A team of researchers lead by mathematician Dr. Rui Carvalho at the Centre for Mathematical Sciences, University of Cambridge, have come up with a model that demonstrates how Europe can bolster its natural gas resiliency through cooperation and access to each others’ energy markets. Natural gas pipelines, and moreover the networks they create, are expensive to build and even more so to operate if not utilized at or near capacity. Therefore these researchers set about the task of calculating how in times of conflict or crisis European economies could weather a major disruption in gas supplies without adding new capacity. The result was the publication this month of their research in a report entitled, “Resilience of natural gas networks during conflicts, crises and disruptions.”
On March 26th, European leaders asked US President Obama to help in licensing the export of US derived shale gas to the continent. Such a request comes at a difficult time for all concerned. Tough and potentially costly decisions will have to be made in terms of directing America's natural gas to its best end-use. Gal Luft points out there has been an absence of significant discussion about how America's shale gas revolution can benefit one of the US economy's most important sectors-transportation.
Recent and ongoing security breaches at companies operating critical energy infrastructure have everyone concerned. There is a long way to go towards harmonizing and regularizing network security protocols across industries as Dr. Vincent Berk, CEO of FlowTraq a network security solutions provider, recently pointed out in an interview concerning cybersecurity with the Journal of Energy Security.
For many Americans and foreign alumni who’ve passed through the American university system, the month of March is known as March Madness. It is a month that basketball fans are glued to their televisions following the college basketball championship round-robin.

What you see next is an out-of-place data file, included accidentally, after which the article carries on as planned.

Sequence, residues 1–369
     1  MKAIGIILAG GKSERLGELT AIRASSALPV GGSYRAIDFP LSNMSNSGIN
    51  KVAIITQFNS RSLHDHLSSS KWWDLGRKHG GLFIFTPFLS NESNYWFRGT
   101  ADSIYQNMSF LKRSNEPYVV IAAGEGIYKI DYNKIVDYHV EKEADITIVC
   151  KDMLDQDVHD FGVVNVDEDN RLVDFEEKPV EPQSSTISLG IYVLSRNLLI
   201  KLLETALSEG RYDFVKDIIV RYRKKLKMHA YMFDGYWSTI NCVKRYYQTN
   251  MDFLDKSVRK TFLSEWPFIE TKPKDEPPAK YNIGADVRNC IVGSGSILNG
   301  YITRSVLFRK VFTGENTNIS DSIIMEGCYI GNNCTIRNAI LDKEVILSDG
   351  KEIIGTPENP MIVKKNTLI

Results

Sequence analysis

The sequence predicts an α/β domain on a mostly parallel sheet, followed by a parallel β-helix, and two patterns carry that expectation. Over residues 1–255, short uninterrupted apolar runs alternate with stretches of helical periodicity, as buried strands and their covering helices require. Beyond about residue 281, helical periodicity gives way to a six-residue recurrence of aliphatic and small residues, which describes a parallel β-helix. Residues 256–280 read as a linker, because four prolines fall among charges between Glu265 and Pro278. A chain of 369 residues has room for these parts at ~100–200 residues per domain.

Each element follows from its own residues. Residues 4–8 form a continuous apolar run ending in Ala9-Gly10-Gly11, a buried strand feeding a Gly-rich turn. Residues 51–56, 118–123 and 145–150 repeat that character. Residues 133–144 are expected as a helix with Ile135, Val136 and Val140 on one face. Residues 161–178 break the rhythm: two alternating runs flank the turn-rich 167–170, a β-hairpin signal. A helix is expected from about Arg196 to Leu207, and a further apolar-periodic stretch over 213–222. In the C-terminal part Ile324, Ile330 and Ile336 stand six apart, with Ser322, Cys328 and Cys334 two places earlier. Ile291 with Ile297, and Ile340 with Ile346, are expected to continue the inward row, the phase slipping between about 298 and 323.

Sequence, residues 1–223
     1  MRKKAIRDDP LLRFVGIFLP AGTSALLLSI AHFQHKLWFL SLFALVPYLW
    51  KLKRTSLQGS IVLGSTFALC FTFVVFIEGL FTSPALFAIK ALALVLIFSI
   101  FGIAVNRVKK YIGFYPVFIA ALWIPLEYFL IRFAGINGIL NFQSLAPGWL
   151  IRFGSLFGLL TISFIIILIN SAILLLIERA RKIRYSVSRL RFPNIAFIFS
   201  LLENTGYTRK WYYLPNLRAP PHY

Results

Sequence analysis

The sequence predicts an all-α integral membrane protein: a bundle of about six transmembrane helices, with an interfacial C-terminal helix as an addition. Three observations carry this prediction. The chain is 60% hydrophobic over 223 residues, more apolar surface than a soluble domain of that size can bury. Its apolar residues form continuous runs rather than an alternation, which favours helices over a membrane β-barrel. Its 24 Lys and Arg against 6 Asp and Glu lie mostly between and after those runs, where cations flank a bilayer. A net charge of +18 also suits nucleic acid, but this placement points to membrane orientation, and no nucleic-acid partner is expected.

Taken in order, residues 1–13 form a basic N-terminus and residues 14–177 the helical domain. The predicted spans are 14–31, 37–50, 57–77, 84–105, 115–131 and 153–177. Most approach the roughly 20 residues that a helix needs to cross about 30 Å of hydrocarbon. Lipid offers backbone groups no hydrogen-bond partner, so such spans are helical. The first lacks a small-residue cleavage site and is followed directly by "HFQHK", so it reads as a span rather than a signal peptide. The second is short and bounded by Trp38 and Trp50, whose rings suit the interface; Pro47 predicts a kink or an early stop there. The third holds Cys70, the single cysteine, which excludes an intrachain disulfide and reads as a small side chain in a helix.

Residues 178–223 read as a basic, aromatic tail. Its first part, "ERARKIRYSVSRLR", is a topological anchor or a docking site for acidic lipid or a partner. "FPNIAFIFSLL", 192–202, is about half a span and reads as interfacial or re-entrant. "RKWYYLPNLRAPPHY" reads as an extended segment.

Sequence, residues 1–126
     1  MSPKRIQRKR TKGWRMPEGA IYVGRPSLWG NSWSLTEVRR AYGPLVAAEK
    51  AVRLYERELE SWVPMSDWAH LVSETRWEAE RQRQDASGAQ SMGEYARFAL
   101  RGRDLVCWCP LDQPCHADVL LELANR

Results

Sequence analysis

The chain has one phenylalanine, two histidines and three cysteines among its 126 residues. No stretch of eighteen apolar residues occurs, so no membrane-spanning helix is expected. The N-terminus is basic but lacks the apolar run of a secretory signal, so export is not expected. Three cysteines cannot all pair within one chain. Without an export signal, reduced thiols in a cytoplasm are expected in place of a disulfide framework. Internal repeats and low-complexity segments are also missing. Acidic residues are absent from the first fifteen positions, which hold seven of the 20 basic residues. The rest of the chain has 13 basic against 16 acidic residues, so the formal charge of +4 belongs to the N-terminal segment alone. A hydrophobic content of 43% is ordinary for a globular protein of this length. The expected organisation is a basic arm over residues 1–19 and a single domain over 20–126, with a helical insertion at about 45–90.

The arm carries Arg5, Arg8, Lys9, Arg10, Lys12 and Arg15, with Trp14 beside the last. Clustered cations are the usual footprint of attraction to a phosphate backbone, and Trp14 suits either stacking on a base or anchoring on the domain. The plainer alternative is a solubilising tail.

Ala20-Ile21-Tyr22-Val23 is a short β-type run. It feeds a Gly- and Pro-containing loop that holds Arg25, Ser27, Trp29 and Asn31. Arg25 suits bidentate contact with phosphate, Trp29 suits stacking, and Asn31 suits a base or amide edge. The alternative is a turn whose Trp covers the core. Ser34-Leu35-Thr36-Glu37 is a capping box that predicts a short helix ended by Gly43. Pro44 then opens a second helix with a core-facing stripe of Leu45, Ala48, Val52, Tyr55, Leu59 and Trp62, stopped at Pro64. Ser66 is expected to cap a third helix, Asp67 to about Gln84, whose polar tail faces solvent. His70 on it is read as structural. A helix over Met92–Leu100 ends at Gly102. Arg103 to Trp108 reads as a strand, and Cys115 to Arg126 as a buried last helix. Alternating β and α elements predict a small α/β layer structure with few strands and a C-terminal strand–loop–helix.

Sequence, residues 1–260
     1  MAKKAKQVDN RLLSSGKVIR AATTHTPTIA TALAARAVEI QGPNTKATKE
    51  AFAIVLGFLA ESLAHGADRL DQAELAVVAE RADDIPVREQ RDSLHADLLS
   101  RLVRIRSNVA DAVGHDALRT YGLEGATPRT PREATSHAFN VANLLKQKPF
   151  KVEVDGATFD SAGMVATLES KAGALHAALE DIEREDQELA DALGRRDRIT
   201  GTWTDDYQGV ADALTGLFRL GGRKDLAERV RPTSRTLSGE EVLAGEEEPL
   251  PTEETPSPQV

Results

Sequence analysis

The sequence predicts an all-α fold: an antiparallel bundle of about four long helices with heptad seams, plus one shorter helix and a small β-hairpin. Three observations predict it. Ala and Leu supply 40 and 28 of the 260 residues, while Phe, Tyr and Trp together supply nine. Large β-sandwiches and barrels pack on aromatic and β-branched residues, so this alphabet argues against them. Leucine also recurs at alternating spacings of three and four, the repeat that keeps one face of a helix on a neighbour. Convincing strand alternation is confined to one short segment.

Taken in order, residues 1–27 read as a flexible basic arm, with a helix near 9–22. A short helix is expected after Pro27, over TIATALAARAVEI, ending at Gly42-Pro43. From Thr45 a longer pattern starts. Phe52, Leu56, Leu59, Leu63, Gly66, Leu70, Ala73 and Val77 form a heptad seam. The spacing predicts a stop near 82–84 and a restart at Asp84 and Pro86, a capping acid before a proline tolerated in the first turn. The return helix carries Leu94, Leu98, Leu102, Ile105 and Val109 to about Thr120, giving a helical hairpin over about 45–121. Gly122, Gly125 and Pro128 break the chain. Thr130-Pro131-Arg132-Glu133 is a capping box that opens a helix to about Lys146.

Elsewhere around the world March Madness in 2014 took on a much more sinister character. Russia’s take-over of Crimea is only the latest in a long series of bullying incursions that the world’s largest country has taken over smaller regional ones. Abkhazia in Georgia and Transnistria in Moldova jump to mind as the manifestation of Russian mingling in the affairs of states under former Soviet and now Russian influence.
In the past disputes between Russian nationalists, lead by Prime Minister Vladimir Putin, and its Ukrainian neighbor have been obscured through the fish-eyed lens of energy issues where Russia’s displeasure of ...
"Remarkable collection spanning geopolitics, economy and technology. This timely and comprehensive volume is a one stop shop for anyone interested in one of the most important issues in international relations."
U.S. Senator Richard G. Lugar
"A small masterpiece -- right on the money both strategically and technically, witty, far-sighted, and barbeques a number of sacred cows. Absolutely do not miss this."
R. James Woolsey, Former CIA Director
"The book is going to become the Bible for everyone who is serious about energy and national security."
Robert C. McFarlane, Former U.S. National Security Advisor
|Russian Coal: Europe's New Energy Challenge|